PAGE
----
Manuel Rodriguez, MD, FACS - ELTS
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Prof. Manuel I. Rodriguez-Davalos, MD

Director, Living Donor Liver Transplantation Program

Director, Pediatric Liver Transplantation Program

Intermountain Medical Center


Manuel Rodriguez-Davalos, MD, FACS. is Professor of Surgery at the University of Utah School of Medicine, and the Section Chief of Abdominal Transplant and Director of Pediatric Liver Transplantation at Intermountain Primary Children’s Hospital. As of June of 2022, he has also assumed the role of Living Donor Liver Transplant Program Director for the Division of Transplantation & Advanced Hepatobiliary Surgery.

A graduate of Universidad Anahuac in Mexico, his career in liver disease began in 1996 as a post-doctoral fellow at national institute of medical sciences in Mexico City. After 15 years working in adult and pediatric transplantation in the northeast coast of the United States, he left his position as Director of Pediatric Abdominal Transplantation at Yale, where he was an Associate Professor of Surgery and Pediatrics and moved to Utah to take the position of Surgical Director of Pediatric Liver Transplant.

His focus is liver disease with interest in living donor liver transplantation, as well as hepatic malignancies and portal hypertension. Dr. Rodriguez has worked with UNOS pediatric and liver-intestine committees as regional representative and member at large. Currently, he works with the national pediatric allocation task force, the registry committee, and the council of Society of Pediatric Liver Transplantation (SPLiT) and IPTA. He is an associate editor of the journal Transplantation. He is an active member of the North American Living Liver Donor Innovations group, ILTS Pediatrics committee past chair and TTS Education committee. In September of 2022 he will step down as the Surgery Representative for the SPLiT Council to become the President Elect for the Society (2024).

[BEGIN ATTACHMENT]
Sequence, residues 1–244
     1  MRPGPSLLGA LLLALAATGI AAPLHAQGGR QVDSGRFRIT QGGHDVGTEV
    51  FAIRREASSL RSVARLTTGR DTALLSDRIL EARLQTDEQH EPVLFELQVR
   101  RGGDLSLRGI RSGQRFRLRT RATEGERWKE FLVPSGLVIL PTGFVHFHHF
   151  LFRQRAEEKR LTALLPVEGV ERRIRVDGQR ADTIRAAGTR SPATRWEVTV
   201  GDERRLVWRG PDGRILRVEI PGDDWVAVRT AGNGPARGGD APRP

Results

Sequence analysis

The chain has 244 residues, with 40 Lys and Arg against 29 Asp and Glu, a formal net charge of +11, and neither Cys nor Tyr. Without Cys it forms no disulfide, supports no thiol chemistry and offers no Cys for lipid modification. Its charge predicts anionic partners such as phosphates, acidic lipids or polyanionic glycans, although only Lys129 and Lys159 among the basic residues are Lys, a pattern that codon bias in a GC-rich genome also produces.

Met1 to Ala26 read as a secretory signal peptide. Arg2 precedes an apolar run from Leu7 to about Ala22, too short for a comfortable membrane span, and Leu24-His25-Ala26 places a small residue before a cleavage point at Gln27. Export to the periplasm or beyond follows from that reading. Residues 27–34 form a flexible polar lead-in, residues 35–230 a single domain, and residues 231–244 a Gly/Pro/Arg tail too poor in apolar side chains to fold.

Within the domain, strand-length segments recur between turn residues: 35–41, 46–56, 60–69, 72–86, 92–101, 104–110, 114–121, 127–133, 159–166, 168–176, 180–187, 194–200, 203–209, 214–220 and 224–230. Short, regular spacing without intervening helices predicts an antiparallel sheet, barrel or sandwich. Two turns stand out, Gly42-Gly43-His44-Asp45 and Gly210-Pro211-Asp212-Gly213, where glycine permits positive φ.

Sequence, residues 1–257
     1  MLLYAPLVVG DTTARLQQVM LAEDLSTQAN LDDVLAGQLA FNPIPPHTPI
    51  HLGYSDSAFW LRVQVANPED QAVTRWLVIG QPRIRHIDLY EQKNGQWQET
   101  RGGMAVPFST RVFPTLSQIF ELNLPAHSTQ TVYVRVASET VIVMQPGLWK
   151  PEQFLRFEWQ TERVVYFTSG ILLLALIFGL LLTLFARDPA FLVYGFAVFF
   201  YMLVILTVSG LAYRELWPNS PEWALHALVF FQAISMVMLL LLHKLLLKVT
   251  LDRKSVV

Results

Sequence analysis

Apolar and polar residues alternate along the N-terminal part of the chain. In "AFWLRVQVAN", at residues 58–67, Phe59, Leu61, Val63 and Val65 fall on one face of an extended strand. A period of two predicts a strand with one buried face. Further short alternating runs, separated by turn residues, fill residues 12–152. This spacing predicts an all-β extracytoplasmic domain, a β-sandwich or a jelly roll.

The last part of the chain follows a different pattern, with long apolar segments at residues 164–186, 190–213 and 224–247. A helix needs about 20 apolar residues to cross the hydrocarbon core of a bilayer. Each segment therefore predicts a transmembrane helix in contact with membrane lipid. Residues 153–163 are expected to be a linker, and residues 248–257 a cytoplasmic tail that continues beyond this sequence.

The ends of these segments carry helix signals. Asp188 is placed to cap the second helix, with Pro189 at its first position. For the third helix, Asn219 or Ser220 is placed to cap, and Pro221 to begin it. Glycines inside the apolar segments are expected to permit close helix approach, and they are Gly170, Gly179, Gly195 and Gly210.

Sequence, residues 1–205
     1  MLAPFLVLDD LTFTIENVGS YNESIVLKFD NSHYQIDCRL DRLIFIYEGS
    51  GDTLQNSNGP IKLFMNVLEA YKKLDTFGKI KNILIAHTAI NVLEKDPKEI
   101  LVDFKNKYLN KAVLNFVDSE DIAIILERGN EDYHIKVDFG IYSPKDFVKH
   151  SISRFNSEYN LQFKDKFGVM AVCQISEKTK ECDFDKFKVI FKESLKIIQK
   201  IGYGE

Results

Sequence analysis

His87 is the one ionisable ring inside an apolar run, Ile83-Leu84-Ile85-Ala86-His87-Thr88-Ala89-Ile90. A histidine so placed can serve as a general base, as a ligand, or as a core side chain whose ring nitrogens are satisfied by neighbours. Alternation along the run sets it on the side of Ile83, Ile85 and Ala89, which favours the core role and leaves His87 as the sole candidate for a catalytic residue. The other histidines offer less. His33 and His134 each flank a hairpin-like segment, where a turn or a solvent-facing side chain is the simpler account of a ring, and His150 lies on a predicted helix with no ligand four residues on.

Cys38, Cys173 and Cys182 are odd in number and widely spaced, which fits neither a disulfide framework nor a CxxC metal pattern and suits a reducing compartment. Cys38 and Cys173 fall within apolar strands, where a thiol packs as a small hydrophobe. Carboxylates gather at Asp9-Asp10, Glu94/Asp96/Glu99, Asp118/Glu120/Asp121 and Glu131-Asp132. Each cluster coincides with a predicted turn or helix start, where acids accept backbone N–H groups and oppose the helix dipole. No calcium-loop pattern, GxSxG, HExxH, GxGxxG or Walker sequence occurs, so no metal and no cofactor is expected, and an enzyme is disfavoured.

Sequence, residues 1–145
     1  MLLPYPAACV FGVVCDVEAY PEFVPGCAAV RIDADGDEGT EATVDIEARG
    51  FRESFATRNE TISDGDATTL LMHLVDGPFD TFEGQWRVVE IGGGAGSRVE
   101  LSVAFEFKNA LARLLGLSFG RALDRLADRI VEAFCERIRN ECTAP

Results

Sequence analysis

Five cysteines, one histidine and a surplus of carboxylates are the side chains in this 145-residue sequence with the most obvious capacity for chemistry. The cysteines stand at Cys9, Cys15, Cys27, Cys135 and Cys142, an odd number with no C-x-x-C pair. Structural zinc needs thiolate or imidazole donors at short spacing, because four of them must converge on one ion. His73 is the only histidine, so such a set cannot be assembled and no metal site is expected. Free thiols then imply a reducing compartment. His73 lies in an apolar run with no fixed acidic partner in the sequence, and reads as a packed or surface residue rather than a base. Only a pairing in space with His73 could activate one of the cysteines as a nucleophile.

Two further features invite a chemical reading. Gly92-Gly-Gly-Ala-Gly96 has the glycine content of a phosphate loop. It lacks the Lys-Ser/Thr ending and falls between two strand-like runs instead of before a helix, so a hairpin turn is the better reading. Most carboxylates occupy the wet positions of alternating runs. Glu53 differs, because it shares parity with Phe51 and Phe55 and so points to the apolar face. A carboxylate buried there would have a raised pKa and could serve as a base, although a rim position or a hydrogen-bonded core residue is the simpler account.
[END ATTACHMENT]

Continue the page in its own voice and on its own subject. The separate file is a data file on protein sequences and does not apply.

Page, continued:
His current research is focused on the use of technology including advanced quantitative modeling techniques with 3D imaging and 3D printing. He investigates the use of split grafts and other extended criteria to decrease the mortality on patients on the liver transplantation waiting list. With the team at Primary Children’s Hospital, and the investigators from the U of Utah Department of Surgery and Pediatrics, he is conducting work on pediatric hepatic malignancies, innovative vascular techniques for children with portal hypertension, as well as collaborating with the NIH funded-Childhood Liver Disease Research and Education Network. He is also in charge of the transplantation intiative with the Center for Global Surgery with current funded projects in Asia and Latin America, which include the TTS/ILTS Paired center project.